13. Setterman

    Setterman Well-Known Member

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    It's a great club. Tom Basset was the manager killed. I beleive he hit a deer while going to work on his Gold wing. Indiana has made a lot of money available to the club and they have done it right.
     
  14. smokerz

    smokerz TS Member

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    Gold E is correct. Here's a reference to Brister's book. I don't own that book, but it must be where I saw those shot string patterns.

    Friday, September 16, 2005
    Patterning methodology
    I'll start this post by saying that I am not an expert on patterning shotguns. If you want expertise, buy Bob Brister's excellent book "Shotgunning: The Art and the Science." Bob literally shot and analyzed hundreds of patterns, and even talked his wife into towing a 16 foot long target board with the family car while he shot at it to better understand the effects of shot stringing.
     
  15. smokerz

    smokerz TS Member

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    Can't find any photos, but the link above is a good article about the effect of shot string.
     
  16. smokerz

    smokerz TS Member

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    Those long shot strings Brister found seem hard to believe, however I've recently seen that there is a great difference in the velocity of individual pellets.

    I had done some fune tuning on the choke in my pheasant gun, and wanted to put on the board. Rather than drive out to the club to use the pattern board, I set up a sheet of 3-ply, 3/8" plywood in the back yard, and fired a load of 6s at it from 30 yards.

    About half the pellets shot right through all 3 plys. About 40 % stopped deep in the second or in the third ply. About 20% stopped deep in the first ply or shallow in the second ply. Some stopped well within the first ply, and some of them are just about flush with the front surface. There must have been a quite large difference in the velocity of the pellets slowest to fastest.
     
  17. smokerz

    smokerz TS Member

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    Pulll -

    I was patterning a choke I'd opened to about IC @ 30 yards, and only drew a 30" circle. All but 5 or 6 pellets were withing the circle. Pattern on the front was reasonably uniform all across the circle. Looking at the back of the board, I don't see any diference in distribution. The pellets which penetrated all 3 plys were random within the 30" circle. They were plain lead, Rem game load, 1 oz.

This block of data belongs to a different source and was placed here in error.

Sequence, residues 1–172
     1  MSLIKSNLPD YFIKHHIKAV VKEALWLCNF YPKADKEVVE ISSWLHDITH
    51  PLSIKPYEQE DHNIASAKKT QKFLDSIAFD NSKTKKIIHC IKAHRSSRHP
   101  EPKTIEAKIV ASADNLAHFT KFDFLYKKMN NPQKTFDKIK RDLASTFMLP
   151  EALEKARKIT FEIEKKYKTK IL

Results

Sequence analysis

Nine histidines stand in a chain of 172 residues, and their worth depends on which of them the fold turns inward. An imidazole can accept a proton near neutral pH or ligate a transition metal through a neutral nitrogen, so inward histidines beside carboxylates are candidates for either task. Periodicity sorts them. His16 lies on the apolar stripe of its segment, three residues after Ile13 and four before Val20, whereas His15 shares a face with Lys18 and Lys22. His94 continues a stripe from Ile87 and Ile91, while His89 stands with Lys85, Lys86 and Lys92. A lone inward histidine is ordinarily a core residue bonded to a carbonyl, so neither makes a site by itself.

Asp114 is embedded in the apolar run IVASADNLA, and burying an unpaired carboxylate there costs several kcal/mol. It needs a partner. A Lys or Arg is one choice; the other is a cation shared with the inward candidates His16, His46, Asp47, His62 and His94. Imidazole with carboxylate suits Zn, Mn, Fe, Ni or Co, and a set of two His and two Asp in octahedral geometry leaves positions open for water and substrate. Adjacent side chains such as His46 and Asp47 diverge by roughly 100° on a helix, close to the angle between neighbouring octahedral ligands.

18. smokerz

    smokerz TS Member

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    Here's a thought, pulll.

    If you're interested in measuring velocity of individual pellets.

    I think you could get some nice uniform wood, say clear white pine, 3/4" thick, if necessary glueing several 1"x12" together side by side. You could then shoot it; I don't think anything 6 or smaller could shoot all the way through, then measure the penetration of each pellet with a depth gage. From that someone smarter than I could calculate individual pellet striking energy/velocity.
     
  19. gbatch

    gbatch TS Member

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    We have a grease patterning board at our club (St Charles Sportsmen's Club in Elburn, IL) and it is very nice. However, it's biggest drawback is that you cannot take the paper down and take it home for future reference. Nor, in my experience, can you take digital photos of the results in the grease - the results simply don't show up well on a digital photo.

    As a solution, one of our members vertically hung a couple of 2x4s with hooks on top of the grease so we can staple paper to the boards, shoot and take the paper home. If you don't want to use paper, you simply take the boards down.

    Be careful - that grease is messy stuff.

    Gene Batchelar
    Wheaton, IL
     
  20. bigben1

    bigben1 TS Member

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    Kolar has you shoot off a rest while standing at the end of a walk in tunnel. 4' wide paper pulled down tight from a roll.
    I agree, patterns & poi only, but that gets you heading to "smoke"! I personally do not think many birds are broken with the end of the shot string, 12-1250 is rolling right along, bird does not travel far from front to rear of the string.
    I was lol bout the box car, maybe thats why there are so many painted..........